"Albus Dumbledore has somehow inserted an agent into my Inner Circle.   Find out who it is, and you shall be richly rewarded.   If you can give me a name, I can isolate the agent and use him for my own purposes.   I need recruits.   Your little band of Marauders will do quite nicely.   You're all intelligent, talented, quite gifted and quite dangerous, actually.   I'd much rather have all four of you working for me than against me.   Black should have been with me all along, of course, and I'd like to rectify the current unfortunate situation.   I realize that Lupin is a half-blood, but his other abilities make him potentially quite valuable to me.   Potter is the stubborn one, and potentially of the greatest worth to me.   His family is very influential, but he doesn't know how to use it properly.  Bring them to me, preferably voluntarily, and you will be rewarded.   Bring me Lupin, and I will give you a position of rank in the Ministry.   Bring me Black, and I will give you enough wealth to reinstate the Pettigrews among the Great Families.   Bring me Potter, and I will arrange a marriage for you with the most desirable daughter of my followers … Wait … What's this?   You've already given your heart … to a Mudblood?   To another man's wife?"

Peter finally managed to tear his gaze away from Voldemort's.  He could feel his cheeks burning and he looked down at the glass, which was somehow empty now, clasped in his white-knuckled hands.

The Dark Lord laughed disdainfully.   "This is your most shameful secret, isn't it, Peter?   You're in love with your best friend's wife.  Even though she's pregnant with his child.  I'll make you this bargain, then.   Bring me the Potter baby, and you shall have the mother."

"What … what about James?   And the baby?"

"If I have his Heir, he will have to come to me, won't he?  Don't worry, he will come to see the practicalities of the situation.   A new bride from a more suitable family will see to that.   And you will have the woman you want, as wife if you insist, although keeping her as a mistress would be more suitable.   A pureblood wife to provide you with an Heir, a Mudblood mistress to provide you with your fun; many's the man that would envy you.   I won't hurt the baby, of course — I don't wage war on infants.   If it grows up powerful enough, I might even find a niche in my organization for it — one suitable for a half-blood."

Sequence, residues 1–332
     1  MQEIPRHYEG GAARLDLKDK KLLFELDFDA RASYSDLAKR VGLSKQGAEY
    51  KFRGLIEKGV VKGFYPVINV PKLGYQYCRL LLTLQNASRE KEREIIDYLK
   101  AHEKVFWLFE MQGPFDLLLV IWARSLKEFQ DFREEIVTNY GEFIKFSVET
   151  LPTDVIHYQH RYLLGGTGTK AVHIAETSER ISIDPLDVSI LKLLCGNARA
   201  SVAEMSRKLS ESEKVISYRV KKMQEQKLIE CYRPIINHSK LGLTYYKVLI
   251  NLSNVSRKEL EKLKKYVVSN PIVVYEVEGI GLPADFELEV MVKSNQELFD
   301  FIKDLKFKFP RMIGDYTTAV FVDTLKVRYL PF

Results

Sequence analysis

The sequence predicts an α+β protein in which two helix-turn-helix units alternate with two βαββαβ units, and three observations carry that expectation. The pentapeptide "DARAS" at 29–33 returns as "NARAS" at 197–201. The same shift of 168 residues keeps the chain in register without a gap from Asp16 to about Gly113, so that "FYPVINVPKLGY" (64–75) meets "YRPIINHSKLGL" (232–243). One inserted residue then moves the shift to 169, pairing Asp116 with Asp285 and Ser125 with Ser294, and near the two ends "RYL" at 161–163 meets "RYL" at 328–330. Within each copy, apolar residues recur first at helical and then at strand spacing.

Voldemort suddenly stood, looming over Peter.   "All this is yours for the price of your cooperation.   If you deny me, or attempt to tell anyone what has passed between us here this afternoon, you will find yourself standing over the corpses of your loved ones, wishing for death.   And if I am feeling merciful, I shall grant it."

The Dark Lord reached down and seized Peter's hand, where he was wearing the signet ring he had put on for the first time that morning.   He hissed something in a language Peter did not understand, and suddenly his hand was aflame with agony.   He was on his knees before the powerful wizard, asking, begging for relief before his hand was released and the pain stopped.   Voldemort spoke brisky, all business now, as if the preceding unpleasantness hadn't happened at all.   "We will correspond by confidential owl.   You will find a new owl in your owlery which is to be used only to send routine reports to me, after every Order meeting.   If you find out other information you believe would be of interest to me, send a message by the owl requesting a meeting.   I shall respond at my convenience. Your signet ring is now a signal device.   You will find it impossible to remove.   When it becomes warm, it is a sign that I wish you to come to me, and you had best do it without delay.   The stone is now a portkey.   You have but to touch it and incant, 'dominus' and you will be brought to a private meeting place."

"P… private?"

"Of course. You are no use to me if everyone knows about you.   In fact, it would be quite detrimental to your health.   If you attend regular meetings of my followers or have any contact with them, Dumbledore's spy would see you and then you would be quietly eliminated … like poor Fenwick."  

"Benjy Fenwick?   He was one of ours!   Your Death Eaters killed him!"